Your iPhone is harvesting your user data even when it shouldn't

iPhone 14 Pro lifestyle
(Image credit: Apple)

Apple faces a new class action lawsuit over claims that some of its apps track how people use them despite being told not to.

The lawsuit, filed in California, is based on research that shows the App Store and other apps collect usage data including which apps are tapped on, what ads people see, and more. This happens even when users turn off 'iPhone Analytics.' Such a move should prevent all tracking from happening. Researchers say that it doesn't.

Privacy matters

The lawsuit accuses Apple of violating the California Invasion of Privacy Act, with plaintiff Elliot Libman pointing to Apple's privacy-first advertising as an example that it should do better. “Privacy is one of the main issues that Apple uses to set its products apart from competitors,” Libman says.

Gizmodo reports that 'iPhone Analytics' claims to “disable the sharing of Device Analytics altogether” when turned off, but researchers at Mysk found that wasn't the case. In fact, the App Store wasn't the only app up to no good. While the Health and Wallet apps don't collect data that they shouldn't, the same can't be said for the Stocks, Music, TV, Books, and other apps.

In the case of the Stocks app, it was found that Apple was able to see which stocks people watch, the names of any stocks that were viewed or searched for, and even timestamps for when they did it.

“Through its pervasive and unlawful data tracking and collection business, Apple knows even the most intimate and potentially embarrassing aspects of the user’s app usage—regardless of whether the user accepts Apple’s illusory offer to keep such activities private,” the lawsuit said.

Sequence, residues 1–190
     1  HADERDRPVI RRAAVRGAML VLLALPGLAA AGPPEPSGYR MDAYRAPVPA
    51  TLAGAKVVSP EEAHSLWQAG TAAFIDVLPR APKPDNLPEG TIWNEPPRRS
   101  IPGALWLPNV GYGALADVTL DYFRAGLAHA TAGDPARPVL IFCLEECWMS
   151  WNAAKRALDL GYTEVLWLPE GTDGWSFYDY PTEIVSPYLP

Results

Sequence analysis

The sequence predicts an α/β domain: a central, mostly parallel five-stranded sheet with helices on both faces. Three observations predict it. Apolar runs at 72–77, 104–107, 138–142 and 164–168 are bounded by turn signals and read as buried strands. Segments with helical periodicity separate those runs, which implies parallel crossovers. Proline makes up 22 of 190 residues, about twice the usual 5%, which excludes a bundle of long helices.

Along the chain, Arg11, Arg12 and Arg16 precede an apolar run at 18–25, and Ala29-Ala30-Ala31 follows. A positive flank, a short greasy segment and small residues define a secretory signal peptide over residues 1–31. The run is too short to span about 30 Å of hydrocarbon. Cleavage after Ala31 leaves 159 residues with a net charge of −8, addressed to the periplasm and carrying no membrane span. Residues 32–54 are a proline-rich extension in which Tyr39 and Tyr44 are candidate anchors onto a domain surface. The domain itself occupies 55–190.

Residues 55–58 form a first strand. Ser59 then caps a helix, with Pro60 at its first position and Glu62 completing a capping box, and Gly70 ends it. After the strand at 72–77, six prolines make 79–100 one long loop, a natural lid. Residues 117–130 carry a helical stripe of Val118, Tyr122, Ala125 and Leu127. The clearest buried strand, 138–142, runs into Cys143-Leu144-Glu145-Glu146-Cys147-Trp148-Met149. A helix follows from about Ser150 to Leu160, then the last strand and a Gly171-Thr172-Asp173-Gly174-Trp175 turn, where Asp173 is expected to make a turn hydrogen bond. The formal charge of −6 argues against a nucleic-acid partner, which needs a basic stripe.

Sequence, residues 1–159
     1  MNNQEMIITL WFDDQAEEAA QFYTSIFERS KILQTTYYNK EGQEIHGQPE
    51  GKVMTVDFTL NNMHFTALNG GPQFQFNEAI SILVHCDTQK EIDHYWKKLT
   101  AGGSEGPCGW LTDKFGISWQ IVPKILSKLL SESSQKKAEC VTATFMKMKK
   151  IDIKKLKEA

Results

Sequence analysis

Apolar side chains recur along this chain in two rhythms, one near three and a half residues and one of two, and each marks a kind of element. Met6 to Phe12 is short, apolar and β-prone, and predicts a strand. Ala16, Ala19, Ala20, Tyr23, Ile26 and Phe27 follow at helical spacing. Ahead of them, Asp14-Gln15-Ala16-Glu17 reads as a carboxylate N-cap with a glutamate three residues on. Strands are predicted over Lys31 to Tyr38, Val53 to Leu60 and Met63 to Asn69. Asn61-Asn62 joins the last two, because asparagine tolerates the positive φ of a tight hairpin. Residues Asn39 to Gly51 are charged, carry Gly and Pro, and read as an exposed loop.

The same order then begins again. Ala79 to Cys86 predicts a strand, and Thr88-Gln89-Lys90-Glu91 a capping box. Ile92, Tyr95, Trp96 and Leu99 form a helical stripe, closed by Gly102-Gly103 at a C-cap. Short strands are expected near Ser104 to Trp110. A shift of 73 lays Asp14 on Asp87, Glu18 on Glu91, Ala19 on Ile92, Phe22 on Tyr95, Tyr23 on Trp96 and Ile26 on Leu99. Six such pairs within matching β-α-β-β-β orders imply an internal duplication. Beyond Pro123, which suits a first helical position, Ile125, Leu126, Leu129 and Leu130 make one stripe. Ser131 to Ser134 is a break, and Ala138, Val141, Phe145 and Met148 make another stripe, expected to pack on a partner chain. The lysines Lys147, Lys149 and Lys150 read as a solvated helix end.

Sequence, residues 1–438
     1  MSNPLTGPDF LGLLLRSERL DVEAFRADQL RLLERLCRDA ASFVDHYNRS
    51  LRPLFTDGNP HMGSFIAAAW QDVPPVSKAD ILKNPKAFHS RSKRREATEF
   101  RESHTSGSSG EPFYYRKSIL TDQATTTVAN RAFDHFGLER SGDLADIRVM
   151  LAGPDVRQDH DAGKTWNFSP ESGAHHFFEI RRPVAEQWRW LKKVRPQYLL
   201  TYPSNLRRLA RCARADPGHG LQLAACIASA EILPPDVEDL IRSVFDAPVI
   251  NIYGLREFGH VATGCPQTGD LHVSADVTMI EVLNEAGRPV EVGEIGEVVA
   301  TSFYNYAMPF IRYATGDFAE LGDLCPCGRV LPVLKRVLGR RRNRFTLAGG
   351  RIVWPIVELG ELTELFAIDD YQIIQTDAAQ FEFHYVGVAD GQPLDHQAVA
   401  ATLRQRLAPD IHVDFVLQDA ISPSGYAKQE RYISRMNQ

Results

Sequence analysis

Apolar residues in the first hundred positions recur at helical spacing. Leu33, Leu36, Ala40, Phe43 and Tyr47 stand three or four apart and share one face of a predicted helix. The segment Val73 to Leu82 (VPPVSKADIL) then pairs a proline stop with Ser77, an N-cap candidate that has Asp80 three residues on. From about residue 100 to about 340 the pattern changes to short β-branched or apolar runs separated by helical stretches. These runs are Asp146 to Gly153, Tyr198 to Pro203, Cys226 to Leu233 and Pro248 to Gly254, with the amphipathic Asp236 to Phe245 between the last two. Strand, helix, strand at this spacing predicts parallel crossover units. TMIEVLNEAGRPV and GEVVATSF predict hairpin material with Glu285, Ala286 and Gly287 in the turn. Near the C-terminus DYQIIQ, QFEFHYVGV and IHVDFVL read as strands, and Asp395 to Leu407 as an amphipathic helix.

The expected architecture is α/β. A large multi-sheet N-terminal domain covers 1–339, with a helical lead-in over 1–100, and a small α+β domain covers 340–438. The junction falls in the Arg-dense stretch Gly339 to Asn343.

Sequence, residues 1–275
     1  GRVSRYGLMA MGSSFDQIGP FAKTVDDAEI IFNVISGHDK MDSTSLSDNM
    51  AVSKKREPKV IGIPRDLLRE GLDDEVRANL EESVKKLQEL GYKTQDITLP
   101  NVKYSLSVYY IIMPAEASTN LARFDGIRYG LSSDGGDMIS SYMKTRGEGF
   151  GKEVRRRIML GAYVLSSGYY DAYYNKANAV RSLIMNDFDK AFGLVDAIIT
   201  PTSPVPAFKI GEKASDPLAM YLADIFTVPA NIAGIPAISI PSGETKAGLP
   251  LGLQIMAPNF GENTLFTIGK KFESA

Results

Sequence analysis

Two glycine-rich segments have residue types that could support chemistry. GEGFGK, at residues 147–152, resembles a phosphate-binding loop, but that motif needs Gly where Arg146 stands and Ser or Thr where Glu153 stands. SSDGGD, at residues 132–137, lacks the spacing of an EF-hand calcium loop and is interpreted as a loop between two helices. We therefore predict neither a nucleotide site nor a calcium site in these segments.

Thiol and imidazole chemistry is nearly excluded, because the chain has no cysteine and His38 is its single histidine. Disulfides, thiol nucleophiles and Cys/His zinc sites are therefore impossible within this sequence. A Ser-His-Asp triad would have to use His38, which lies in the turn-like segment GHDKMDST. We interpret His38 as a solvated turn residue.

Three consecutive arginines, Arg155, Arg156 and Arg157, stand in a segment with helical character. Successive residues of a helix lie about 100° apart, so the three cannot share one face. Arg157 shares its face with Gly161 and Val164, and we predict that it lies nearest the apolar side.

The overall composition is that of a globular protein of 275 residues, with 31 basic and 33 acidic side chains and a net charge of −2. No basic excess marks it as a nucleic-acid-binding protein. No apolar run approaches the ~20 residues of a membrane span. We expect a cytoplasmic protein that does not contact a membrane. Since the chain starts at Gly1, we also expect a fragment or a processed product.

While privacy has long been one of the best iPhone features, no matter how intangible, reports like this may give more ammunition to those who accuse Apple of failing to follow along with its own rules.

Oliver Haslam

Oliver Haslam has written about Apple and the wider technology business for more than a decade with bylines on How-To Geek, PC Mag, iDownloadBlog, and many more. He has also been published in print for Macworld, including cover stories. At iMore, Oliver is involved in daily news coverage and, not being short of opinions, has been known to 'explain' those thoughts in more detail, too.

Having grown up using PCs and spending far too much money on graphics card and flashy RAM, Oliver switched to the Mac with a G5 iMac and hasn't looked back. Since then he's seen the growth of the smartphone world, backed by iPhone, and new product categories come and go. Current expertise includes iOS, macOS, streaming services, and pretty much anything that has a battery or plugs into a wall. Oliver also covers mobile gaming for iMore, with Apple Arcade a particular focus. He's been gaming since the Atari 2600 days and still struggles to comprehend the fact he can play console quality titles on his pocket computer.